Derech Noahide is NOT a religion. It is a moral and ethical code incumbent upon all those who love our Creator and who wish to live in harmony with His Torah. The Jews are called to be the Nation of Priests (Exodus 19:6). The Noahidim are our "laity." The laity have different rules than this priesthood (7 Laws rather than 613). The avarage Jew has different rules than the Coheinim and Levites. The Coheinim and Levites have different rules that the Cohain Gadol. The Cohain Gadol has different rules than HaMashiach (may he come soon!) and HaMashiach will serve at the pleasure of HaShem. All life serves the pleasure of HaShem. HaShem has made each of us according to His good pleasure and purposes. Those who are wise find their proper place within this divine arrangement and declare Baruch HaShem! You have me according to YOUR Will and Purposes.

Every person must minimize his own honor and maximize G-d's honor. One who pursues worldly honor will not be worthy of experiencing G-d's glory. Even if he attains some worldly status, people will constantly look at him askance and want to know who he is that he should be accorded such respect. But one who flees from honor - minimizing his own honor and maximizing that of G-d - will attain G-d's glory (Rebbe Nachman, Likutey Moharan I, 6).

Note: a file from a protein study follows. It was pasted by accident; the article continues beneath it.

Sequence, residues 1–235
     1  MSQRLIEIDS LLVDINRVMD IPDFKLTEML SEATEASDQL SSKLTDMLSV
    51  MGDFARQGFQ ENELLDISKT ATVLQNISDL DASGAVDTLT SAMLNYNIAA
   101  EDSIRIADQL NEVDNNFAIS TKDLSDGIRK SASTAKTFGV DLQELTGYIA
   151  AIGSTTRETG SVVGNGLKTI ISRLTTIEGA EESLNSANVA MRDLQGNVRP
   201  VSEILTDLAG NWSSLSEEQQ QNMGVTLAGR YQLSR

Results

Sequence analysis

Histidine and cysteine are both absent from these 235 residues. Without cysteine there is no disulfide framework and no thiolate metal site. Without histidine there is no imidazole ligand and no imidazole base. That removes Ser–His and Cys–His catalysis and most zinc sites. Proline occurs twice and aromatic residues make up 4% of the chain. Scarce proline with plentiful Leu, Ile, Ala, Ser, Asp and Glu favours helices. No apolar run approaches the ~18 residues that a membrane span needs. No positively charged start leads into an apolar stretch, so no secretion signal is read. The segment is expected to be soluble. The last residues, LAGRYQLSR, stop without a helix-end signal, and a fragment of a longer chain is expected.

Ben Zoma says: Who is the wise one? He who learns from all men, as it says, "I have acquired understanding from all my teachers" (Psalms 119:99). Who is the mighty one? He who conquers his impulse, as it says, "slowness to anger is better than a mighty person and the ruler of his spirit than the conqueror of a city." (Proverbs 16:32). Who is the rich one? He who is happy with his lot, as it says, "When you eat [from] the work of your hands, you will be happy, and it will be well with you" (Psalms 128:2). "You will be happy" in this world, and "it will be well with you" in the world to come. Who is honored? He who honors the created beings, as it says, "For those who honor Me, I will honor; and those who despise Me will be held in little esteem" (I Samuel 2:30).